The project appeared feasible because of demand for the service from the expatriate and tourist community and because Egypt’s state-run broadcasting system had spare channel capacity that could be used to send CNN over the air using a scrambled signal. Egypt was to become the first nation in the Arab world to have access to CNN 24 hours a day.
CNE backers at first discussed providing CNN to hotels only, but found that the Egyptian government was not as opposed to consumer distribution as they had thought. In October 1989, after several months of negotiations, CNE’s private sector partners reached an agreement with the Egyptian Radio and Television Union (ERTU) to support the distribution of CNN. Under the preliminary agreement, Cable News Egypt (CNE) would be granted a license to receive and distribute the news service in Cairo.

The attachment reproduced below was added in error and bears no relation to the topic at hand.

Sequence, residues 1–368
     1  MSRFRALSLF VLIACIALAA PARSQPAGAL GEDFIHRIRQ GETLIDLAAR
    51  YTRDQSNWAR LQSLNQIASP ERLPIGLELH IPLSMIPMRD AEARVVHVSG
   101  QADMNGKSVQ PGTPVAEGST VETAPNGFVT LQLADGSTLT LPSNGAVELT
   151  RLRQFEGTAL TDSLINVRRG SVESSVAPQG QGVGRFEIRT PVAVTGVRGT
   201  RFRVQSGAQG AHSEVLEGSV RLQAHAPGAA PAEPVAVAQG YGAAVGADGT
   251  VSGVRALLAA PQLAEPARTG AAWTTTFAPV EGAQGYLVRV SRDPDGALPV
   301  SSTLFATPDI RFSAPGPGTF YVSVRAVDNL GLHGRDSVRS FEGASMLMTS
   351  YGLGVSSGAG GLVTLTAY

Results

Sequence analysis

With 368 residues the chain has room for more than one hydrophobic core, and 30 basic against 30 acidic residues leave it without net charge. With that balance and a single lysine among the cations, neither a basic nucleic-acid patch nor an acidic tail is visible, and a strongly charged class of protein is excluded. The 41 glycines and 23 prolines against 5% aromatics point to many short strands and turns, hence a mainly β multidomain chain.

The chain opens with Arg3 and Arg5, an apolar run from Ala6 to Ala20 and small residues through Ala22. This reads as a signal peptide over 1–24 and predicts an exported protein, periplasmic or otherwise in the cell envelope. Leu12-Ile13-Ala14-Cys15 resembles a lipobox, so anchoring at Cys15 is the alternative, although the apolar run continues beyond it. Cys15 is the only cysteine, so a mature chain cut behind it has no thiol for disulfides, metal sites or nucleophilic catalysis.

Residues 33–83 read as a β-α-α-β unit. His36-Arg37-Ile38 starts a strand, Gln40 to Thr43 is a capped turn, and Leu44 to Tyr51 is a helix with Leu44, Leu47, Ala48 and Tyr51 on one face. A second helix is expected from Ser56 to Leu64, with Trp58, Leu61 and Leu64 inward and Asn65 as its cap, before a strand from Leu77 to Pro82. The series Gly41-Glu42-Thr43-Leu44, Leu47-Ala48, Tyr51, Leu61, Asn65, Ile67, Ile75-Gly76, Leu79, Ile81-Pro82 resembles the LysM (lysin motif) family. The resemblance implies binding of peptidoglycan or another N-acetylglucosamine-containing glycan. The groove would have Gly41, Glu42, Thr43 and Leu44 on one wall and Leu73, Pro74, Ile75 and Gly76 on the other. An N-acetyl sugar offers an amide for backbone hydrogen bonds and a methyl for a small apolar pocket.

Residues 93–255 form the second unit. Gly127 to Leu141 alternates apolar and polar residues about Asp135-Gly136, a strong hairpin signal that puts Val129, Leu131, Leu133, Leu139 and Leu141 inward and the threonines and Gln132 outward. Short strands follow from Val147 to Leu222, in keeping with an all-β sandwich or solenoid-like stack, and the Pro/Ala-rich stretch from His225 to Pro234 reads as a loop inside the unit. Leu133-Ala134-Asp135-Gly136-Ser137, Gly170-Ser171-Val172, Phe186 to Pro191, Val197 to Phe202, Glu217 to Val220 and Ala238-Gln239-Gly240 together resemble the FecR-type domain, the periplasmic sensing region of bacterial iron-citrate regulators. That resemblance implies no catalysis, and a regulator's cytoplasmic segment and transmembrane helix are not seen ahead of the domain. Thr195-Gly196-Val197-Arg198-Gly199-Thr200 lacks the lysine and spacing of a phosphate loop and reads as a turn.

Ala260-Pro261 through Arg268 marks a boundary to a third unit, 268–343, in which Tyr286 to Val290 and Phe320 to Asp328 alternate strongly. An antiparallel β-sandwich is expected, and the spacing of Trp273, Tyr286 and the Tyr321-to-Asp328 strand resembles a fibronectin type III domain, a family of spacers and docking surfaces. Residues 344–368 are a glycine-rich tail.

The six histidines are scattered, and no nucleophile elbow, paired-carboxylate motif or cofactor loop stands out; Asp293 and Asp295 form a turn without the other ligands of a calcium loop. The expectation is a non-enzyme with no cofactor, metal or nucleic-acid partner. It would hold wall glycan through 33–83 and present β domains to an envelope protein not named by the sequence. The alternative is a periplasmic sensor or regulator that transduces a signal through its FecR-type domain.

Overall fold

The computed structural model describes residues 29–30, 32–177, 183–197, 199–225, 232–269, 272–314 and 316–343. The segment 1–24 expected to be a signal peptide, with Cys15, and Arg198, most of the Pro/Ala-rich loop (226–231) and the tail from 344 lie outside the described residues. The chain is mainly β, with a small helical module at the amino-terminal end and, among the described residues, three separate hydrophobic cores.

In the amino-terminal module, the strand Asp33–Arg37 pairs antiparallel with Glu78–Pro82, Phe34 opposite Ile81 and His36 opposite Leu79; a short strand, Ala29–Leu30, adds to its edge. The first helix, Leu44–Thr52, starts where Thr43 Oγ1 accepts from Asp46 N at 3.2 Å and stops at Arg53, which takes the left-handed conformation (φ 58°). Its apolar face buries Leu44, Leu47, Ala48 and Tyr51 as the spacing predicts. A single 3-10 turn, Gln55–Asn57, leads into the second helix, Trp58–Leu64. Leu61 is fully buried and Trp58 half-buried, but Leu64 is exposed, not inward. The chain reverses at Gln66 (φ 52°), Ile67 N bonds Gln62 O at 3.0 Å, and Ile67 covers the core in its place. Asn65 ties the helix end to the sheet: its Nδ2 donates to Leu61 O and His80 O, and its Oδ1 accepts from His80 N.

The ERTU preliminary decision was but one of many that would have to be made in a highly centralized Egyptian bureaucracy not known for receptiveness to controversial new ideas. The entire process would take nearly three years and moved, according to one journalist, at the pace of a “dyslexic pharaonic scribe” (Mishinski 1990).
Many of the arguments for bringing CNN to Egypt appealed to the pride Egyptians had in a broadcasting system they believed far surpassed any in the Arab states and which frequently trained broadcasters from other countries. Government officials reasoned that if a significant technological innovation were to be made, Egypt was the country destined to begin it.
Another important reason for having CNN in Egypt was to promote tourism. Egypt knew that American tourists could receive CNN in hotels in virtually every major tourist destination except Egypt. They saw the presence of CNN as a selling point to promote the country’s chief industry. CNN backers sweetened the deal by promising four minutes of free advertising on CNN to the Egyptian Ministry of Tourism, a move that could enhance tourism in the country (Nessim 1990).